Wednesday, January 27, 2010

nanaimo bars

The January 2010 Daring Bakers’ challenge was hosted by Lauren of Celiac Teen. Lauren chose Gluten-Free Graham Wafers and Nanaimo Bars as the challenge for the month. The sources she based her recipe on are 101 Cookbooks and

Growing up with Nanaimo bars, it was only recently that I realized that not everyone is familiar with them. In fact, it seems that most people I encounter are not. Like the geoduck, I think perhaps it is a case where familiarity is based on locale (I'm not sure you can grow up in the Northwest without having dug after geoducks in the sand, though perhaps this was also in part due to my childhood home's proximity to the beach).

Let's start with a geography lesson. Nanaimo is a seaside town on Vancouver Island in British Columbia across the Straight of Georgia from the city of Vancouver, BC. I've been there once for an ill-timed camping trip (it rained all weekend). From Seattle, the trek involves a drive to outside of Vancouver, then a ferry to get to Vancouver Island and the town of Nanaimo.

Why the lesson on Nanaimo? As you can probably guess, it's the namesake of this month's Daring Bakers' challenge - the Nanaimo bar! They are apparently quite popular across Canada and have definitely made their way across the boarder into the bakeries of Washington state. It seems they haven't caught on too far south of that, however. I'm guessing this challenge will change that.

The Nanaimo bar is a layered dessert - bottom layer: graham crackers, nuts, coconut, chocolate; middle layer: custard; top layer: chocolate. Butter is one of the main ingredients of each of the layers, so it's destined to be tasty. There were two components of the Nanaimo bar instructions for this month's challenge to make it challenging: we were to make the graham crackers from scratch (!) with the optional additional challenge of making the graham crackers gluten-free.

Though I like playing with different types of flour, I didn't take on the gluten free challenge. I decided that the graham crackers and Nanaimo bars would be enough for me this time. Here's what I did:

Nanaimo Bars
Make 8x8 pan of delicious bars

Bottom layer:
1/2 c. unsalted butter
1/4 c. granulated sugar
5 Tbsp. unsweetened cocoa
1 large egg, beaten
1 1/4 c. graham cracker crumbs (graham cracker recipe follows)
1/2 c. almonds, finely chopped
1 c. unsweetened, shredded coconut

Middle layer:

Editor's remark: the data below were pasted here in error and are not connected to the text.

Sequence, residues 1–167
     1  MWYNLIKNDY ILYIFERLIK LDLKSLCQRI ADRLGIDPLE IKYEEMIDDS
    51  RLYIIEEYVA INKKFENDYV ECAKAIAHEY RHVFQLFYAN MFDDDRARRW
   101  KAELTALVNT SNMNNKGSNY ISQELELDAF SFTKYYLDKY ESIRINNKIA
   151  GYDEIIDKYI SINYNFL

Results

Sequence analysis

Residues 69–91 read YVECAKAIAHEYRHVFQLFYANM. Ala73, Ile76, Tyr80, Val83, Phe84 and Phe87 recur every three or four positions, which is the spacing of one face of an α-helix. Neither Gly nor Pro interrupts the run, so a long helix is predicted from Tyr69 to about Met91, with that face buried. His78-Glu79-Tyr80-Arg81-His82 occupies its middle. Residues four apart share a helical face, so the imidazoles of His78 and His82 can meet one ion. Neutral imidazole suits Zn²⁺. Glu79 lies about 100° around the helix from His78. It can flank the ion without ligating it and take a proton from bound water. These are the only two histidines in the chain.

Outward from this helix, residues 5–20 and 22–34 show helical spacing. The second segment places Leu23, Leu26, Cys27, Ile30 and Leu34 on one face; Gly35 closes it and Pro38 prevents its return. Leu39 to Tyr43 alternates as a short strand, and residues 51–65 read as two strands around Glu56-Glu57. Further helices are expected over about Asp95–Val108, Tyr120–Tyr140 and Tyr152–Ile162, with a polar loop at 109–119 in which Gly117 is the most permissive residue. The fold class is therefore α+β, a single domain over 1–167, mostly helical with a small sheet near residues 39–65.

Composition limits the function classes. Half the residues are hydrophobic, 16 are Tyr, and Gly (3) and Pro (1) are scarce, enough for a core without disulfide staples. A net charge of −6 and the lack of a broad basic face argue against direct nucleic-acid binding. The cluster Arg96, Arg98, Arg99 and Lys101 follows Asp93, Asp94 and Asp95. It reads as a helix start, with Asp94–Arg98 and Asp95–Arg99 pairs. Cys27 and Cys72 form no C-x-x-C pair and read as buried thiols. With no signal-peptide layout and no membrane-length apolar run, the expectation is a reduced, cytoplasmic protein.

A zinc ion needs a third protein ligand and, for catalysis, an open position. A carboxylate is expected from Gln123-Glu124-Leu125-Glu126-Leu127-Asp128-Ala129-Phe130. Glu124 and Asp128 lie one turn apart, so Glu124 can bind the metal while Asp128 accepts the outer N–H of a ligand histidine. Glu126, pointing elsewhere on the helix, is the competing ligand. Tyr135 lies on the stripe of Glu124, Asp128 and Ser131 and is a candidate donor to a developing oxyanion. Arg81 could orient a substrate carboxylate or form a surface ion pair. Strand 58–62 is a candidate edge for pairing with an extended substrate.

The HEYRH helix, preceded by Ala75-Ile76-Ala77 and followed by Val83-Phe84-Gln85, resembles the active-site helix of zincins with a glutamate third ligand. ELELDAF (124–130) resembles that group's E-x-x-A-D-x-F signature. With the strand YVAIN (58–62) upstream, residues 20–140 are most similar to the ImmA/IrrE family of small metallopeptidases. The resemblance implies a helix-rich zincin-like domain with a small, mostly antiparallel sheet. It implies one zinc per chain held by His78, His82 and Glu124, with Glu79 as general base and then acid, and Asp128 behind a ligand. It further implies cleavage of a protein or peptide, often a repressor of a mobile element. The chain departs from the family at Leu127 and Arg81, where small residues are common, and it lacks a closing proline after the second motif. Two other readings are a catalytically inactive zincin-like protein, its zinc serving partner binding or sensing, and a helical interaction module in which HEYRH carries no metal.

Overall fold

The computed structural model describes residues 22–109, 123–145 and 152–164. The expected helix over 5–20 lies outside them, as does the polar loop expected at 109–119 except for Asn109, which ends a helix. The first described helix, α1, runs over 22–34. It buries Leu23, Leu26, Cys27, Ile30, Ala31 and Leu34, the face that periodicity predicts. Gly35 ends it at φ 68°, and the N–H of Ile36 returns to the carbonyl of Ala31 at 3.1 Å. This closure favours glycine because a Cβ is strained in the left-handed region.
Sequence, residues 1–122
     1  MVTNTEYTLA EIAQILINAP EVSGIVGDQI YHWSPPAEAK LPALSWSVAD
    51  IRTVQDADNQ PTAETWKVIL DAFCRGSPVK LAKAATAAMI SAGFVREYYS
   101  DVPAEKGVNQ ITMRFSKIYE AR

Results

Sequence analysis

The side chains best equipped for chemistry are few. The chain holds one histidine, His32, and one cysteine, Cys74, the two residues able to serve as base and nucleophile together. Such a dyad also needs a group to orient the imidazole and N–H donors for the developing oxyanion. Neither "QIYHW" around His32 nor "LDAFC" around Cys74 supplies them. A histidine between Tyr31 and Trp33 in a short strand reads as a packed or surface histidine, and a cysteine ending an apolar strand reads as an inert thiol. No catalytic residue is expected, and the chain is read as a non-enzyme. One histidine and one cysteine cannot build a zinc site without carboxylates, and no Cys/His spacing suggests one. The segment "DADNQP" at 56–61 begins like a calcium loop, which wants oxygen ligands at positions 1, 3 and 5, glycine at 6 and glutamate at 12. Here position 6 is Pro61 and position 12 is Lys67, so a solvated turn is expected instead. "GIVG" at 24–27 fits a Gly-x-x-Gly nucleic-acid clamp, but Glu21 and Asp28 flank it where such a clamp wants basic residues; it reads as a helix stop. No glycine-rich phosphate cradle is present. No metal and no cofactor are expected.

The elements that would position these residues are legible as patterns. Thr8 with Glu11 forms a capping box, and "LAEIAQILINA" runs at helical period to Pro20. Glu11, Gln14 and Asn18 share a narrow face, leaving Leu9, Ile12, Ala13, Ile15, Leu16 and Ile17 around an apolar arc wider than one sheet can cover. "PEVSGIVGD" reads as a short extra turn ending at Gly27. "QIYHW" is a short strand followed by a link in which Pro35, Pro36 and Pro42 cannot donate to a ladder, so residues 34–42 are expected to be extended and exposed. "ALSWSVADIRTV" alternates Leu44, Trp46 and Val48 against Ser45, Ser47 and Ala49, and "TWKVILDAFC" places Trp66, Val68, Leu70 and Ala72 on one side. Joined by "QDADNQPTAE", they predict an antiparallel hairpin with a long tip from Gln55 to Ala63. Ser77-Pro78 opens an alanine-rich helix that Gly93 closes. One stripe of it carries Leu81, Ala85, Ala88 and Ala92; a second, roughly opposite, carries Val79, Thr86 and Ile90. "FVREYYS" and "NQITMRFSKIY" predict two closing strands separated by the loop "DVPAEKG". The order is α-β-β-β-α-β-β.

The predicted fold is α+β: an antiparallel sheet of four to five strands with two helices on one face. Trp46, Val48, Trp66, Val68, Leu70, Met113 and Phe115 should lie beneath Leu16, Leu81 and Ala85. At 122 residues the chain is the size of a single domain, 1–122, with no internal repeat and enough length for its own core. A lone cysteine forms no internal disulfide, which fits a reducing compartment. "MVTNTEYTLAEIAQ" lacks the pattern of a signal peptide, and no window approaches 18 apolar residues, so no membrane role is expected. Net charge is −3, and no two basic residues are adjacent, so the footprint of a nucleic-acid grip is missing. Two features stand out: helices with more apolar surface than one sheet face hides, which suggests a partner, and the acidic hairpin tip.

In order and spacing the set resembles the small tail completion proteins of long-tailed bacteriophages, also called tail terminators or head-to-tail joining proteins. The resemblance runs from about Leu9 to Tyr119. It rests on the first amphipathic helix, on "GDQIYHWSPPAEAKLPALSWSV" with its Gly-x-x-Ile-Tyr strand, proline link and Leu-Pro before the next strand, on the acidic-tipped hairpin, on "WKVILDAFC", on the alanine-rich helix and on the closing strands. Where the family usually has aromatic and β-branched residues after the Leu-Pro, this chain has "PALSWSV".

1/2 c. unsalted butter
2 Tbsp. heavy cream
2 Tbsp. vanilla custard powder (or substitute instant pudding powder)
2 c. powdered sugar

Top layer:
4 oz. semisweet chocolate*
2 Tbsp. unsalted butter
*I had bittersweet on hand, so substituted that, which I thought turned out to be a good call since the overall bar is so sweet, the bittersweet chocolate toned it down a bit.

To make bottom layer: Melt butter, sugar, and cocoa in the top of a double boiler (I constructed one out of a pan and heat-proof bowl, with a round of foil to keep the bowl elevated over the water). Add egg and stir to cook and thicken. Remove from heat. Stir in graham cracker crumbs, nuts, and coconut. Press firmly into ungreased 8x8 pan.

Middle layer: Cream together all ingredients, beating until light in color. Spread over bottom layer.

Top layer: Melt chocolate and unsalted butter over low heat. Allow to cool, then pour over middle layer and chill.

Once chilled, cut into bars.

Graham Crackers
Makes 1 1/2 - 2 dozen

2 1/2c. + 2 Tbsp. flour
1 c. dark brown sugar, lightly packed*
1 tsp. baking soda
3/4 tsp. kosher salt
7 Tbsp. unsalted butter, cut into 1" cubes and frozen
1/3 c. mild flavored honey, such as clover
5 Tbsp. whole milk
2 Tbsp. vanilla
*I used dark muscavado, which gave the graham crackers a slightly gingerbread-like flavor that was super tasty.

Combine flour, sugar, soda, and salt in electric mixer with paddle attachment. Add butter and mix on low until it is the consistency of coarse meal.

In a small bowl, whisk together honey, milk, and vanilla. Add to the flour mix. Mix on low until the dough barely comes together. It will be very soft and sticky. (Note: my dough wasn't coming together at this point - possibly due to my sloppy flour measurement - so I added a tiny bit more honey and milk, which solved the issue).

Turn out onto a lightly floured work surface. Divide dough into two and pat each into a 1" thick rectangle. Wrap in plastic and chill until firm (2 hours or overnight).

Flour work surface and roll first rectangle of dough out to 1/8" thick. Trim edges and cut dough into 3"x4" rectangles. Place crackers on parchment lined baking sheets. Chill until firm (about 30 minutes). Repeat with remaining dough.

With a butter knife, make a vertical line down the center of each cracker and another horizontally (taking care not to cut through). Use a toothpick to decorate further, if desired.

Bake 15-20 minutes, until browned and firm to the touch, rotating sheets halfway to ensure even baking.

One year ago: pear gorgonzola pizza


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